Biotech beans and corn will find a ready market this fall
Don't sweat selling your biotech beans or corn this fall. At least that's the word from grain companies, the American Soybean Association (ASA) and the National Corn Growers Association (NCGA).
"There is zero to non-existent concern this year," says Kim Nill, technical issues director for ASA. "Last year there was no disruption with soybeans and I expect the same this year.
"Many of the elevators that tried to separate them last year say they regret that decision. It was a huge expenditure for nothing," he says.
Some identity-preserved varieties will be handled differently when delivered to the elevator, but the majority of the non-biotech and biotech varieties will be handled the same, says Jim Hershey, ASA's international markets director.
NCGA doesn't expect any problems for corn growers either. "There were no hiccups last year and we don't expect to have any this year either," says Stewart Reeve, director of communications.
"We have always advised corn growers in the past to take the 'know before you grow' approach," Reeve says.
ADM will separate biotech and non-biotech varieties at its elevators again this year, says Larry Cunningham, senior vice president of corporate affairs.
"The process was a little more costly for us last year, but we do this so that if Japan or Europe wants non-GMO (genetically modified organism) soybeans, we can deliver them," he says.
"When farmers come to the elevator, they will be required to designate their seed as either GMO or non-GMO."
It is uncertain at this time whether or not farmers will receive premiums for their non-biotech crops. This will be easier to determine closer to harvest, says Cunningham.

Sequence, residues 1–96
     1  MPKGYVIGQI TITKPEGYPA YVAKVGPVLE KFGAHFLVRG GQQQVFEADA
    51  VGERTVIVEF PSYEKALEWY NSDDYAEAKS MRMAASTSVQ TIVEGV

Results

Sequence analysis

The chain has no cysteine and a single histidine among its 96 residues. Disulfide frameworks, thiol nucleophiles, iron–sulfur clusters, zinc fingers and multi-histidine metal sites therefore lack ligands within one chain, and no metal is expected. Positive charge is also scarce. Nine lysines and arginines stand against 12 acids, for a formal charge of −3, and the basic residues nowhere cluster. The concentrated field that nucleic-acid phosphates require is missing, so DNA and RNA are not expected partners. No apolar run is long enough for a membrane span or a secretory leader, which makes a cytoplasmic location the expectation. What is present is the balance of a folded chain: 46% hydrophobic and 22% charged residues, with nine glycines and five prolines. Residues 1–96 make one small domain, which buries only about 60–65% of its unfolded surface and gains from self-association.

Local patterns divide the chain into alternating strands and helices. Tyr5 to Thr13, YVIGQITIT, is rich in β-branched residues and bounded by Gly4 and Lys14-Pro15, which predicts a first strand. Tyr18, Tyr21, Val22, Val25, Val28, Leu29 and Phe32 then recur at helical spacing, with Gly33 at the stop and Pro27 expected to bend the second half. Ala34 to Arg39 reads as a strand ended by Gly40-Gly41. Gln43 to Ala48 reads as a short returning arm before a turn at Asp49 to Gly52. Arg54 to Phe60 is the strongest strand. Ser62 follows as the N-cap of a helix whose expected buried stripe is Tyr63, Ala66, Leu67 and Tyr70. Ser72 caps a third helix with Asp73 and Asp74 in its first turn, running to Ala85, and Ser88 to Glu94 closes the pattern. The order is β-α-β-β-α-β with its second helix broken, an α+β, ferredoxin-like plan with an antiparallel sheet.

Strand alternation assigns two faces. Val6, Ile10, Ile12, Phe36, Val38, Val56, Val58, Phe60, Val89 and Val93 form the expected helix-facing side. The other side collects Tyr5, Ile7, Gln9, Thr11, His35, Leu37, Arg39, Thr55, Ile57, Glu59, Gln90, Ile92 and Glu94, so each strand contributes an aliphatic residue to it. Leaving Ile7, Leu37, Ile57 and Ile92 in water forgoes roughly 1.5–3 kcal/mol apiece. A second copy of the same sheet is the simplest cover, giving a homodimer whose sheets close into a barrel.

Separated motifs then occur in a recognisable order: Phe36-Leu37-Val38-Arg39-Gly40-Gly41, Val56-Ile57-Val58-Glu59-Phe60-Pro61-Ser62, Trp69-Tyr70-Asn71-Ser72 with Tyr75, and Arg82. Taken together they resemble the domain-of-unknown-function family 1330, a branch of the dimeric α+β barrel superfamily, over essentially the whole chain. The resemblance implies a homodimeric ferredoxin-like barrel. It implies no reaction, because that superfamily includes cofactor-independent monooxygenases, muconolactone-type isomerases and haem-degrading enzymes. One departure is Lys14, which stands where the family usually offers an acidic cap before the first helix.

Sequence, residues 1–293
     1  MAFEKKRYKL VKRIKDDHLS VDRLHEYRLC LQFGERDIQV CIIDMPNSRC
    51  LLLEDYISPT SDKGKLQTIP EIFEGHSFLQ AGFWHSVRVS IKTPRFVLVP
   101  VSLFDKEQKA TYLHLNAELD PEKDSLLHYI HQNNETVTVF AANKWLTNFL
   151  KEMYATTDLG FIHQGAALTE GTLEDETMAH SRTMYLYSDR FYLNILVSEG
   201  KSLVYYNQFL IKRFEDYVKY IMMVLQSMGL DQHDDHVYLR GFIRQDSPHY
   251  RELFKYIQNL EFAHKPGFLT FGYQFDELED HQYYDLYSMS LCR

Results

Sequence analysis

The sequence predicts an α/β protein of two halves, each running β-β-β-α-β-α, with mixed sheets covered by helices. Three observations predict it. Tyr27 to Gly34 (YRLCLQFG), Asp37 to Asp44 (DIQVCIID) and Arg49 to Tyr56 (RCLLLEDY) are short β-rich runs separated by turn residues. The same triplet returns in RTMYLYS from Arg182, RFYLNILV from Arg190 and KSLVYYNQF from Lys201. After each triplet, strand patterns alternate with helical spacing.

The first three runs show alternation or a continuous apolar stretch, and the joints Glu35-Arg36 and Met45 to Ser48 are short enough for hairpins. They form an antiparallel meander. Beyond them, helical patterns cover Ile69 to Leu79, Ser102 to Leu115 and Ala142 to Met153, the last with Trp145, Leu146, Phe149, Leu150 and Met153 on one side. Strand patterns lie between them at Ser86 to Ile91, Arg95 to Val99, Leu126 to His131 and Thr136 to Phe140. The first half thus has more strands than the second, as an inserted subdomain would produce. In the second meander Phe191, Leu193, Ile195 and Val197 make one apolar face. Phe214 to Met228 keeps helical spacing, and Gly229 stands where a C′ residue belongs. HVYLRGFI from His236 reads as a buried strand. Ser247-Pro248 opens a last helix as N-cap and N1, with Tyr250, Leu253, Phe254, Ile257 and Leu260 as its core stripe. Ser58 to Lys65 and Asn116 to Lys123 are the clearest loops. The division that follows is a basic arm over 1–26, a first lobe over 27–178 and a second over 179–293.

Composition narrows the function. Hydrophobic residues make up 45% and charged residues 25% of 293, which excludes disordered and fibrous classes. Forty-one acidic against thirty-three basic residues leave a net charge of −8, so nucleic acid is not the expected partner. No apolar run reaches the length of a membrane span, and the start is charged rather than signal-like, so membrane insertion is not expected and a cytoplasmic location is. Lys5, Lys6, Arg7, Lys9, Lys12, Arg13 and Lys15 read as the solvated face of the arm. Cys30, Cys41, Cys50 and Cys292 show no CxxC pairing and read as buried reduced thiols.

All Cargill grain elevators will accept genetically enhanced corn and soybean varieties from the 1999 and 2000 crop years that have been approved for use in the U.S. and Europe. Varieties not approved in the European Union will be channeled into an alternative international or domestic market, says John Pocock, Cargill spokesman in Minneapolis.
Spokesmen for both grain companies also say that the biotech controversy in Europe and Japan is not having a significant effect on U.S. farmers. What's going on internationally is not hurting the U.S. market since there is a market for both biotech and non-biotech seed. Instead, it's giving the end user an alternative, says Bob Neal, specialty grains manager at Cargill.
Grain companies, ASA and NCGA aren't the only ones expecting a problem-free fall. Farmers don't seem to be worried, either.
"I don't have any concerns about selling biotech beans and corn this year," says Roger Dale, a soybean farmer and seed dealer from Hanley Falls, MN. "As long as we continue to educate consumers on GMOs, I don't see any problems in the future, either."
Even though there shouldn't be any problems this year, the only way to know for sure how your elevator is handling biotech crops is to contact it. The American Seed Trade Association (ASTA) has compiled a list of elevators buying biotech crops. It's available on the Internet at www.amseed.com or by linking to the ASTA site from NCGA's Web site at www.ncga.com. The current list of elevators was compiled last September. An updated list will become available this fall.
"The elevators announced that they would be accepting Roundup Ready soybeans back in early spring," says Marc Curtis, ASA president. "It would be difficult for them to go back on their word now."